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Flux

P&I BRAZING FLUX

Molten brazing alloys require a clean surface on which to flow if they are to bond properly. Heating metal during the brazing process causes oxides to form on its surface. These oxides, if not removed, will prevent the filler metal from flowing completely. A coating of flux applied prior to heating the joint will protect the area from exposure to the air and absorb oxides, which may form on the surface.

Because different metals produce different oxides, several flux formulations have been developed to handle these variations. Specialized fluxes are available for both low- and high-temperature brazing of silver, aluminum, nickel-silver and bronze, as well as many soft-solder applications.

Name
Brazing Filler Metal
Application
Temperature Range
Recommended Base Metals
Available Sizes
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P&I White Flux BAg, BCuP

General purpose white brazing flux paste

*Fine particle available

565-870C

(1050-1600F)

Ferrous and non-ferrous alloys, stainless steels and copper

1lb.

5lb.

10lb.

30lb.

50lb.

65lb.

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P&I Black Flux BAg, BCuP

High-temp, black brazing flux paste; boron-modified

*Fine particle available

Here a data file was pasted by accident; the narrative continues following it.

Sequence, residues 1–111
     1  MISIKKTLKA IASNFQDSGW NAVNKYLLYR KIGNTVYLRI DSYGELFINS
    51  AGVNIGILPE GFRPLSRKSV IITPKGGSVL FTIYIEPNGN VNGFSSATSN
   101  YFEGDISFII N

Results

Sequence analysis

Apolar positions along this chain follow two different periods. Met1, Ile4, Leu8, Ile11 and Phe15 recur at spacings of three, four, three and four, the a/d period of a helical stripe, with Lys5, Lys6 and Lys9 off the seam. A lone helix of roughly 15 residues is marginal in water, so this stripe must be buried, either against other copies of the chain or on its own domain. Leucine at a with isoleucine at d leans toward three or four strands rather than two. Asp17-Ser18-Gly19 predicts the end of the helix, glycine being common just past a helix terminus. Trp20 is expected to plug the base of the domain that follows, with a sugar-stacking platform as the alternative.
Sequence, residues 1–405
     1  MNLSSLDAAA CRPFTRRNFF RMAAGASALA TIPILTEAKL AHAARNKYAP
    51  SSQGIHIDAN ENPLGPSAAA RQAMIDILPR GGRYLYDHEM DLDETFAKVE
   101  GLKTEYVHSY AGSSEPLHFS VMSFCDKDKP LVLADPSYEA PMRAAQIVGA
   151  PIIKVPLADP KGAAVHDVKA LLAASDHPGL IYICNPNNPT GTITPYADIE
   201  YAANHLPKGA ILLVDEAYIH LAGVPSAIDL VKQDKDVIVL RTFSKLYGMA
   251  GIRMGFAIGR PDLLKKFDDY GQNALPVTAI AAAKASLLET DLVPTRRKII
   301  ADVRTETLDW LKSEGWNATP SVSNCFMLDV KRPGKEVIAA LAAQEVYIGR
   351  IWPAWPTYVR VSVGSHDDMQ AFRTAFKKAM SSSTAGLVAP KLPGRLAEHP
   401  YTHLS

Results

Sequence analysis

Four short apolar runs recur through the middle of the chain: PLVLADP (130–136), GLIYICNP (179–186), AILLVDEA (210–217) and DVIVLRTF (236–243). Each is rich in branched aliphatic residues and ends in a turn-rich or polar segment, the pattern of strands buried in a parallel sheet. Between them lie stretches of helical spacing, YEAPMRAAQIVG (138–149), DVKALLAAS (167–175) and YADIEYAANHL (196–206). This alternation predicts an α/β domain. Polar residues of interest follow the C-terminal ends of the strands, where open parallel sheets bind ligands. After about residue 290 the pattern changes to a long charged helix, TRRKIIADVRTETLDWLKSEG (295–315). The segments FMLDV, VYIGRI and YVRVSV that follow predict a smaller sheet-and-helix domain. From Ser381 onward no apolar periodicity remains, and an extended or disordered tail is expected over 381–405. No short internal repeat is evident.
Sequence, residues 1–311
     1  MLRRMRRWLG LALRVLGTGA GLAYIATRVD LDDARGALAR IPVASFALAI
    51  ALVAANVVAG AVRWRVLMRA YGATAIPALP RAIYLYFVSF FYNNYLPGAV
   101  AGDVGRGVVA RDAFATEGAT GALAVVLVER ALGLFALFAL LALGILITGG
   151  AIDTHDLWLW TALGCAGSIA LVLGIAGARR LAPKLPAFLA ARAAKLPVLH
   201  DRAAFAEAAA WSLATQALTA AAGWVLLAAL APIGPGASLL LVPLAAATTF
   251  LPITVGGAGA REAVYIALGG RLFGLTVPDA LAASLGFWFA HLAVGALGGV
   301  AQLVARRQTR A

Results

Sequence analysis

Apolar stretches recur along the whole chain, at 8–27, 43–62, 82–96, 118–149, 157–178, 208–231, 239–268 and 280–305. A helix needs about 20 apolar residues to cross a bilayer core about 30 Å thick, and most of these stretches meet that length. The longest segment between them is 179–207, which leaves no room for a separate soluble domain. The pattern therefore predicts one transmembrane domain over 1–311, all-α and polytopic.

565-980C

(1050-1800F)

Ferrour and non-ferrous alloys, stainless and carbide

1lb.

5lb.

10lb.

30lb.

50lb.

65lb.

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GWH-LB Flux Manganese-containing, low fuming bronze (CDA 681), nickel-silver (CDA 773) Boron modified, high-temp brazing paste flux - for larger components

760-1205C

(1400-2200F)

Carbide, stainless steel, ferrous and other alloys 1lb.

5lb.

10lb.

30lb.

50lb.

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SD3 Flux Manganese-containing, low fuming bronze (CDA 681), nickel-silver (CDA 773) High-temp brazing white paste flux - for larger components

537-1100C

(1000-1850F)

Carbide, stainless steel, ferrous and other alloys

1lb.

30lb.

50lb.

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L-127 Flux Manganese-containing, low fuming bronze (CDA 681), nickel-silver (CDA 773) High-temp brazing white paste flux - for larger components

537-1100C

(1000-1850F)

Carbide, stainless steel, ferrous and other alloys

20lb.

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FLUX APPLICATION

Flux can be applied in any number of forms including flux paste, powder or pre-made brazing pastes that combine flux with filler metal powder. Flux can also be applied using brazing rods with a coating of flux, or a flux core. In either case, the flux flows into the joint when applied to the heated joint and is displaced by the molten filler metal entering the joint. Excess flux should be removed when the cycle is completed as flux left in the joint can lead to corrosion, impede joint inspection and prevent further surface finishing operations. Fluxes are generally selected based on their performance on particular base metals. To be effective, the flux must be chemically compatible with both the base metal and the filler metal being used. As a general rule, longer brazing cycles should use less active fluxes than short brazing operations.

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